Dungeoneer’s Diary #6 – Vorgons, Vogons, Orcs and Unspoken Trademarks

Posted: October 7, 2017 in Uncategorized

A Wikimedia Commons image…

© 2017 G.N. Jacobs

Sometimes when creating new monsters for RPGs and books, it’s all about simply changing a name. A recent unpublished novel that doesn’t need naming here wanted orcs to run around the countryside laying waste to all travelers dumb enough to travel alone. Even though the plot revolved around me doing homage to Tolkien, specifically my version of what really went down during those Appendices at the end of The Lord of the Rings…involving lawyers (won’t say more, unofficial NDA), I had an attack of – “Dude, everybody, like, drops orcs in as the massive Army of Regular Evil with stats ranging from one to three hit dice per orc. I should be able to come up with something else.” 

Interesting problem in that I need bad guys in my novel to behave exactly like Tolkien’s orcs: loud, mean, ready to stab each other at dinner over the mutton at the cook fire and pretty much angry at any other bipedal playable species. The veritable, probably untrue, stereotype of the 1-percent Motorcycle Club lifestyle. I want the behavior and social organization, such as it is, but because everybody coming after Tolkien simply dropped in orcs and called it a day, I need a new name.

I’m aware that when Dungeons & Dragons got rolling for real after a few years of play testing in Gary Gygax’s living room that the Tolkien Estate sent a few Cease and Desist Letters probably written in the slightly more polite British version of Legalese. To my understanding, they fought hard for the players among us to deemphasize hobbit in favor of halfling. It worked because no dungeoneer is going to piss off the estate for an author that gives nearly all of us a Wayne’s World “We’re not worthy!” feeling. But, the Tolkien Estate apparently didn’t fight so hard for orc, the next most used Middle Earth vicious beast in all of tabletop RPGs.

I’m not sure of the why. My limited reading of fantasy writing from before and generally contemporaneous to Tolkien’s work doesn’t seem to have any mention of orcs. C.S. Lewis (attending the same writers’ groups with Tolkien) just needed a White Queen, Tash and crappy people to make the Chronicles of Narnia work. Others just needed Lost Boys, Indians and pirates. Or White Rabbits, Mad Hatters, Playing Cards and Pissed Off Chess Pieces.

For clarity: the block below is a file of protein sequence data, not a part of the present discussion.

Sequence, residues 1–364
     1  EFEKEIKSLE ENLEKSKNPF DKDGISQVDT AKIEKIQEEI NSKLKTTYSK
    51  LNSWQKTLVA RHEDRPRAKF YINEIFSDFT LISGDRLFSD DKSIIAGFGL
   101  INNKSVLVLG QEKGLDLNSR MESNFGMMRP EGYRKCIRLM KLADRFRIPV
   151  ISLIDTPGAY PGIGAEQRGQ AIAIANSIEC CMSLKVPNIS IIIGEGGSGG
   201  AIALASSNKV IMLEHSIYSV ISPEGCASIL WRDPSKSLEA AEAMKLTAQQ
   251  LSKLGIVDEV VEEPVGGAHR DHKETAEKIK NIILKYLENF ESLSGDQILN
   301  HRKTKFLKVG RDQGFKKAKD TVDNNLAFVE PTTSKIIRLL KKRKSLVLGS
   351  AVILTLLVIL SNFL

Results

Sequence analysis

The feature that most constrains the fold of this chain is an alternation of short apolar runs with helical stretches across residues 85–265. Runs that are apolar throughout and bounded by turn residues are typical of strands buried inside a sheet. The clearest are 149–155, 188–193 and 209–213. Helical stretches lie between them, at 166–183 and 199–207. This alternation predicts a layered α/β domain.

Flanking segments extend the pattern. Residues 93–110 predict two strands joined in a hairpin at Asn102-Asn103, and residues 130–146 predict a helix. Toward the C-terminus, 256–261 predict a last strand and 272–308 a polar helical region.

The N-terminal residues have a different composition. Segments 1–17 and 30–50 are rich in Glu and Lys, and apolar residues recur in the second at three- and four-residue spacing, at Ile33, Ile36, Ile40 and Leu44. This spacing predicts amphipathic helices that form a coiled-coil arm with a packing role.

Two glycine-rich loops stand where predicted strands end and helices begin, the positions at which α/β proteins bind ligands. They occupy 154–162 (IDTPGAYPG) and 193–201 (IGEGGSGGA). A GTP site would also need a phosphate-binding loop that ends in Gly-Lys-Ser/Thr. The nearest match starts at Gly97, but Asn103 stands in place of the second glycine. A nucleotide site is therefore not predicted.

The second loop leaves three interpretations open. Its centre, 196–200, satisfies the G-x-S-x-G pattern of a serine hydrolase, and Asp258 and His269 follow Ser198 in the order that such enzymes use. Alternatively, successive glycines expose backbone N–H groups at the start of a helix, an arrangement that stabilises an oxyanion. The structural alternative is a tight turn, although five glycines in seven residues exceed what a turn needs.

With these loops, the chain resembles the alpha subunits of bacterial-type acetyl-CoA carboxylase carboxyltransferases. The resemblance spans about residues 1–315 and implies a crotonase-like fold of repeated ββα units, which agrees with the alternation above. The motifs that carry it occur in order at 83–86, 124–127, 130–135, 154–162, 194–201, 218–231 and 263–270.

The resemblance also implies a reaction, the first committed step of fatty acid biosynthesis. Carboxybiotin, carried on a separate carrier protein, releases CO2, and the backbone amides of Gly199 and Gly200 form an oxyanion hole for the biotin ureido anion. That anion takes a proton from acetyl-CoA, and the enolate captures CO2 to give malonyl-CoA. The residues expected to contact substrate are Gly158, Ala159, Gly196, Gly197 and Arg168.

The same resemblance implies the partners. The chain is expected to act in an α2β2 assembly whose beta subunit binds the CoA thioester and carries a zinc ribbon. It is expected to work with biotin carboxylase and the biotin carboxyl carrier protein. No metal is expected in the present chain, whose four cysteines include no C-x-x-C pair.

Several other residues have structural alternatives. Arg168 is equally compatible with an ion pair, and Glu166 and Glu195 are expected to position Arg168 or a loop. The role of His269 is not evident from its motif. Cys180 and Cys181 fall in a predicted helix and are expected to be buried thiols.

Even Tolkien started off with goblins in The Hobbit, later simply conflating the goblin of already extant European fairytale mythology with the orc of the later The Lord of the Rings. I think if pressed that Tolkien might have tap-danced as imaginative writers do when pressed with impertinent questions rooted in the minutia of our work, saying “goblins and orcs are kissing cousin species created in the dark times of Morgoth, the First Dark Lord.” But, if it’s true that my cursory reading of the body of literature before Tolkien suggests that he may have invented orcs as well as hobbits, then why did the estate only want to lean on D&D for hobbit and not orc?

And every fantasy-themed RPG system published since has a listing in the monster book for orc. Tusks. Pig snouts. Large muscles. Or not. They’re everywhere, largely because the Tolkien Estate didn’t want to or couldn’t fight for the word (more research needed). It is in this ubiquity that I cast about for another name for the species without wanting to change anything about the beasts themselves.